Shrimp are a popular form of bait because they can attract a large array of game due to their active movements. In order to properly use shrimp as bait, we must rig it, but it isn’t that simple for there are multiple ways in which to do this.
The first way in which to rig a shrimp is to place the hook into the carapace. The carapace, for those who do not know, is the center space between the two dark spots upon a shrimps head. This is important because should you miss place the hook and it were to jab either of the two spots, you would be damaging the pancreas or stomach, depending on which spot you hit. Thus, killing the shrimp all too soon and ruining your bait. The hook should be strung in crosswise just below the surface of the shell, in between the two spots for maxim result.
The second way to rig is to hoist the hook up under the chin of the shrimp, ease it in and pull it up and out of the front of the face. This technique is supposed to allow for further distance casting with fast paced line retrieval.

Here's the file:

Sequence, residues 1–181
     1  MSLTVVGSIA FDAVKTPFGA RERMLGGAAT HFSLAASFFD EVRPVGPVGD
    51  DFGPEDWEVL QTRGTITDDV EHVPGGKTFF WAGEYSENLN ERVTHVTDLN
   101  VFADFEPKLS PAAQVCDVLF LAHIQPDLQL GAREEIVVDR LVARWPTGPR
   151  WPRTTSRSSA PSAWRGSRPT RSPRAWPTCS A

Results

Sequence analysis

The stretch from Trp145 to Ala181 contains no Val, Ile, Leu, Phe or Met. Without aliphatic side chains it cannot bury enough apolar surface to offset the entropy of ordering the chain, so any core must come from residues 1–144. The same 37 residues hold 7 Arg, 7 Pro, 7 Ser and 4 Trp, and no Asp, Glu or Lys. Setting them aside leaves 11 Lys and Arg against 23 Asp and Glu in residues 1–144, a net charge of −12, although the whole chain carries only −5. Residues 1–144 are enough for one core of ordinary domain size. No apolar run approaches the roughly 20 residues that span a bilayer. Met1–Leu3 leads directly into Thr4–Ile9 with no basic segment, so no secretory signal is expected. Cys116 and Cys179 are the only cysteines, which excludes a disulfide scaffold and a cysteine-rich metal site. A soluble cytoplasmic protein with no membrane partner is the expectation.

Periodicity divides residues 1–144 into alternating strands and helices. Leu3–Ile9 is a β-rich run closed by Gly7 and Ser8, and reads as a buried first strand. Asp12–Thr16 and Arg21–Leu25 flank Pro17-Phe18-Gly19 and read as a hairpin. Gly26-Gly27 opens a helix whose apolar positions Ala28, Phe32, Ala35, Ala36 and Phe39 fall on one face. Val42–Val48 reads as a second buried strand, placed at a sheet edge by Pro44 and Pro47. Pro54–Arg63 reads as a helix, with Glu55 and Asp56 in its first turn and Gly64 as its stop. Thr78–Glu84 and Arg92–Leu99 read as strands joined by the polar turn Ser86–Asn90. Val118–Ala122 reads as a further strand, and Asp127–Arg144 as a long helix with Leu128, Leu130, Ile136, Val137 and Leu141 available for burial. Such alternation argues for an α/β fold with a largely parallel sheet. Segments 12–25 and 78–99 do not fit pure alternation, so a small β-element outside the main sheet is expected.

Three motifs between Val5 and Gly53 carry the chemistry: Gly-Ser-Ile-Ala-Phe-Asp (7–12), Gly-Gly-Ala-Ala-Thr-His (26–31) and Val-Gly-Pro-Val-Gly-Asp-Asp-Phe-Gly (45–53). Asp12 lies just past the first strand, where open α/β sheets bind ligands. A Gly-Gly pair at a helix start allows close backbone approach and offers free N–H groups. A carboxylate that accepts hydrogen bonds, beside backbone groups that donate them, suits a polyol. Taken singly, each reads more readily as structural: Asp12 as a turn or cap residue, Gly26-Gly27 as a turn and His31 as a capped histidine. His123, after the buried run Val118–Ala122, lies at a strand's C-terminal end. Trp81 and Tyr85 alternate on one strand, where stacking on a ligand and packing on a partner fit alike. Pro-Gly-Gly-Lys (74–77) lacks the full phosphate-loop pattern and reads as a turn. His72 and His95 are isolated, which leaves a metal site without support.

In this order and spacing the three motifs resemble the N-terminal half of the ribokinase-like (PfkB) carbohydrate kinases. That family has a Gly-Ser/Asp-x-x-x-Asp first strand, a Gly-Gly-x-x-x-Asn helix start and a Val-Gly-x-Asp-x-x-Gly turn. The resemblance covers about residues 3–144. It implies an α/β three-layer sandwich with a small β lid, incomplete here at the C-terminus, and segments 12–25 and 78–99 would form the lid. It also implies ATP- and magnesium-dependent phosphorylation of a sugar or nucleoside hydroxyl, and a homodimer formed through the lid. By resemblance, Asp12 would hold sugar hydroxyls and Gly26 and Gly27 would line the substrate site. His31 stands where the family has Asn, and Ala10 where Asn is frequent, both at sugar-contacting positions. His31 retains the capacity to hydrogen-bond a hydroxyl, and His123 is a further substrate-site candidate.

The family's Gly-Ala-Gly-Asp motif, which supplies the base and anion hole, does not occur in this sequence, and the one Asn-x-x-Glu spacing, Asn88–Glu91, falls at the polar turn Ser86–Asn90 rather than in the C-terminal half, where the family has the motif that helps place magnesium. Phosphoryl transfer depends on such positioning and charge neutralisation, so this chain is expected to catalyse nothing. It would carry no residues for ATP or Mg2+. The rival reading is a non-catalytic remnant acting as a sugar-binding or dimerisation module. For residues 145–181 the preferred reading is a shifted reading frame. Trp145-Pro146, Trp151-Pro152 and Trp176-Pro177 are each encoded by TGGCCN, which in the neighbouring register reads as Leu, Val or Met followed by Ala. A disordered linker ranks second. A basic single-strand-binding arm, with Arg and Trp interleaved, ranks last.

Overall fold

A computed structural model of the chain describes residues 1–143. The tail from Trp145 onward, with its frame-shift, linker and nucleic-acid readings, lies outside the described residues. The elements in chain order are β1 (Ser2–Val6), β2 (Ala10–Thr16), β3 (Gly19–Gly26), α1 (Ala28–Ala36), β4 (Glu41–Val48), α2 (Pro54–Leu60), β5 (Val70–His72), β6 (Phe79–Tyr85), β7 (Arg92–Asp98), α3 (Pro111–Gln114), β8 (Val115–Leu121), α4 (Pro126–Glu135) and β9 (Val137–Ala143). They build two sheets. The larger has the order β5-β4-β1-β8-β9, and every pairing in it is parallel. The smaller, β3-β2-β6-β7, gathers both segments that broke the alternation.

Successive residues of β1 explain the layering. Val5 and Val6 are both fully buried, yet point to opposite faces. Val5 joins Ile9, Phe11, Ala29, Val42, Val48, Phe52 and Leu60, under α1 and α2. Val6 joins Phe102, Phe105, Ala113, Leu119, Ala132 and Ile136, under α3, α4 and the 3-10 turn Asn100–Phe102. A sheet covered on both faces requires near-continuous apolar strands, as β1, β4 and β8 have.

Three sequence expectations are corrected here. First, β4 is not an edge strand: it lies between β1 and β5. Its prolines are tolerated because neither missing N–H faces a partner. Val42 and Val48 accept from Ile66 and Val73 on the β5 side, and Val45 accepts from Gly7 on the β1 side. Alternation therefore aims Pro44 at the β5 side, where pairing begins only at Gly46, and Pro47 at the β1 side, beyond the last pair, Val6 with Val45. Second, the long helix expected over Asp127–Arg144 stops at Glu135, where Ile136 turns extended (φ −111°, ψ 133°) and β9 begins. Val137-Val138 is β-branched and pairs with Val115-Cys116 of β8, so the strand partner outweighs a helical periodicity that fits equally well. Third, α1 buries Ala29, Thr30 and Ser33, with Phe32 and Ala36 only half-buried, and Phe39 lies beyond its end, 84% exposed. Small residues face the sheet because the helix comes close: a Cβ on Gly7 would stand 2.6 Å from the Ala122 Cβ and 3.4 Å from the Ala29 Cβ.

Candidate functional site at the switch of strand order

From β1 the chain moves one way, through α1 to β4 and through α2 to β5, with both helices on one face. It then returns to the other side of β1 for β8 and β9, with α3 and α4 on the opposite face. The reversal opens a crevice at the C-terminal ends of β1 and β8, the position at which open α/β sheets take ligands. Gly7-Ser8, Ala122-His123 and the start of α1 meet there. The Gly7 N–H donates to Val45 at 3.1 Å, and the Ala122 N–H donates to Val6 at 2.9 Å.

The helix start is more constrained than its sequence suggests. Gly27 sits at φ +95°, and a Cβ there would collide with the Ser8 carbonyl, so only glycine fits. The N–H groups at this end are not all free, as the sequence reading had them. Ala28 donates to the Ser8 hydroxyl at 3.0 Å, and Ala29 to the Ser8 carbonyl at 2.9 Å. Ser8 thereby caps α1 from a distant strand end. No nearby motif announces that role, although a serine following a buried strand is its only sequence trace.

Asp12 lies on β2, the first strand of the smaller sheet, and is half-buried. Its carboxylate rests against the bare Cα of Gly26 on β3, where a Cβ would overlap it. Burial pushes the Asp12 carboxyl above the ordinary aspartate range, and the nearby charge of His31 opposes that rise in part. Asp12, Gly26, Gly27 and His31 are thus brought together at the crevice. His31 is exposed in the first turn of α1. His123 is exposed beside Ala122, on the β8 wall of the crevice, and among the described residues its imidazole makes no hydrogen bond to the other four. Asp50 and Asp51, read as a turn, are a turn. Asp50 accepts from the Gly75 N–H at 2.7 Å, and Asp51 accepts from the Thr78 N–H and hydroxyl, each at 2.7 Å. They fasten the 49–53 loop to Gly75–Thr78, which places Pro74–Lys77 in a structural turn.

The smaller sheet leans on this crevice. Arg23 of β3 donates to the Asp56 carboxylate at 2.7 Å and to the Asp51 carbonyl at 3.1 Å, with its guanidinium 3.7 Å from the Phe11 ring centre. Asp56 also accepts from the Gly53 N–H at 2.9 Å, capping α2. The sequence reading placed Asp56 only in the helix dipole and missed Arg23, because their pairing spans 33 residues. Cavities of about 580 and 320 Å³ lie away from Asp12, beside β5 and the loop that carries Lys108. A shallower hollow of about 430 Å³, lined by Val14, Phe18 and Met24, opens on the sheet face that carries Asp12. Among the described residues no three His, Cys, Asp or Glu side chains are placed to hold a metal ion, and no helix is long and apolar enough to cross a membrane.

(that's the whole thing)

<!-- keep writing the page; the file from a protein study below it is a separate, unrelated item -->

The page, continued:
Going on to method three of rigging you will need to remove the tail fin of the shrimp in order to hook it. Once that has been done, you will maneuver the hook in and up the cut off section of the tail until the hook is secure within the body of the shrimp. This version is a preferable lure in areas of water that contains dense vegetation. It will make the process less painstaking as the bait will not collect as many weeds nor will it become stuck quiet as often as a normal bait would in grassier waters.
If you want to use live shrimp to do some drift fishing, you will need to poke the hook onto either side of the shrimp tail, thus, piercing the shell until it comes through to the other side. This will allow a visible hook end and for the shrimp to kick freely as bait.
The fifth and last way we will learn how to rig a shrimp today is by, just like in version three, cutting off the tail fin and placing the hook inside the body. The difference in this rig as opposed to example three is that we will not keep the hook covered by the body of the shrimp, but instead expose it on the outside by rotating the hook and poking it out the underbelly of the shrimp.
After learning these five ways of rigging a shrimp, all you pros and amateur fishermen alike may now get out there and have some fun on the water. Stay safe and happy fishing!